Local Manufacturers not consulted on Ban of Plastic Bags
Kenya Association of Manufacturers (KAM) has today stated that local manufacturers were not consulted on the ban of plastic bags following the ban to use, manufacture and import all plastic bags.
KAM CEO, Ms. Phyllis Wakiaga noted that the Kenyan Constitution recognises the principle of adequate public consultation that is entrenched as a basic principle in the Constitution. “According to the Statutory Instruments Act, any regulation-making authorities should undertake appropriate consultation and impact assessment before issuing a policy directive – especially if the directive is likely to have direct or substantial effect on business,” she added.
Manufacturers cited that the ban of plastics will negatively affect jobs and livelihood of Kenyans. “Currently, we have over 176 plastic manufacturing companies in Kenya which directly employ 2.89% of all Kenyan employees and indirectly employ over 60,000 people.” added Ms. Wakiaga.
KAM Chairlady, Ms. Flora Mutahi noted that the 6 month period provided for the ban to take full effect is inadequate, as the companies cannot close down production and clear their stocks within this period. “This country is not in a position to offer an alternative currently or in the next 6 months. We are however committed to responsible business practices which are geared towards environmental management and conservation and have in this regard been paying excise duty towards waste management for years, which unfortunately has not been applied to address plastic waste.” said Ms. Mutahi.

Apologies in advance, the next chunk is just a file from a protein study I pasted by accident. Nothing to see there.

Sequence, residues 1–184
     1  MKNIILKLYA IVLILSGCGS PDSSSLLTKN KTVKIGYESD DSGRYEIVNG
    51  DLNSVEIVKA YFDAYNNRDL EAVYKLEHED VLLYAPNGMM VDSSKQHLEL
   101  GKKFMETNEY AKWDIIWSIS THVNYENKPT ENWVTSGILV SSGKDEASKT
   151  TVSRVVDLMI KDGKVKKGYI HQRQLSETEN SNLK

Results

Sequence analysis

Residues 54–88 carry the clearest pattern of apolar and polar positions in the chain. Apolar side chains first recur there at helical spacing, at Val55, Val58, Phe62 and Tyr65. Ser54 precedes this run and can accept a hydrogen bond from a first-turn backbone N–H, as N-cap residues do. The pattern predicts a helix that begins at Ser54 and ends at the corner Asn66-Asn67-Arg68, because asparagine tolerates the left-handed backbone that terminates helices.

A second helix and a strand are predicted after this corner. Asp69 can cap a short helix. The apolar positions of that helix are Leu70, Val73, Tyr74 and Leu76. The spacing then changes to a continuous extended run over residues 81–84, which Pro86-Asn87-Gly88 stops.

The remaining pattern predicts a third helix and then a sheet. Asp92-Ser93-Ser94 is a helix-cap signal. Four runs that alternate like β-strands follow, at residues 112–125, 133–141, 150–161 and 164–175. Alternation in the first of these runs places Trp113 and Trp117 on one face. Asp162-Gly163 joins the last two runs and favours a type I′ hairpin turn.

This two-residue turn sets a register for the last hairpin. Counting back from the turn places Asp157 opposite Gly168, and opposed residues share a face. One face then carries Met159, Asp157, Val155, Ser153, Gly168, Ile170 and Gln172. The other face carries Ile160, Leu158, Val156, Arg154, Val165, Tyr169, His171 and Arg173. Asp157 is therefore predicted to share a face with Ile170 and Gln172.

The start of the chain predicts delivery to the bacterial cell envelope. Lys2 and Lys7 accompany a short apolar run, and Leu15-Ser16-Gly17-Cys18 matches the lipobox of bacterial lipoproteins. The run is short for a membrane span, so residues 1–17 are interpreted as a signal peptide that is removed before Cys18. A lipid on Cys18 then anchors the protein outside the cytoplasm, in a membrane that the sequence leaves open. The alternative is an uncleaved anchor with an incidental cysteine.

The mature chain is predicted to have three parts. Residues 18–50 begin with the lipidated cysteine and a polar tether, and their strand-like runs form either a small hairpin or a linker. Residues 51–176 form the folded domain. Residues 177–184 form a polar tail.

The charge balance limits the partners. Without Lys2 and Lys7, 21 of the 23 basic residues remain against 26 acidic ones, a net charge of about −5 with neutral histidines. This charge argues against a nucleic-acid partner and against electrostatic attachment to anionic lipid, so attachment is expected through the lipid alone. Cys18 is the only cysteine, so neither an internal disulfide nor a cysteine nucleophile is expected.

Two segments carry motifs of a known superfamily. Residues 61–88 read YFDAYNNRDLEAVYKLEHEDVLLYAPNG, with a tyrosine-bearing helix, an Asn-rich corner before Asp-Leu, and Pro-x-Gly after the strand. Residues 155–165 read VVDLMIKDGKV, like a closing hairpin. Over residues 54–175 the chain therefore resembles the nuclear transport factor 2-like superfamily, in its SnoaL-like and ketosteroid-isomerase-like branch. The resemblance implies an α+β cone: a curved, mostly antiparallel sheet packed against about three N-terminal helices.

The plastic sector proposed a fund to address plastic waste management in this year’s budget to be established and run through a Public-Private Partnership as a long-term and sustainable solution to this matter. “The plastics sector has offered to raise funds for comprehensive and sustainable waste management through a voluntary waste management board levy. Through the levy, we envisage to collect funds that will be channelled directly to the collection, sorting, transportation, recycling and disposal of plastic waste across all 47 counties,” added Ms. Mutahi.
KAM Plastics Representative, Mr. Priyav Shah noted that the challenge with plastics is not a production issue rather, a waste management and consumer behaviour issue. “Through the private public partnership, the private sector will ensure that the levy collected is used as intended and waste management is actually being done,” added Mr. Shah.
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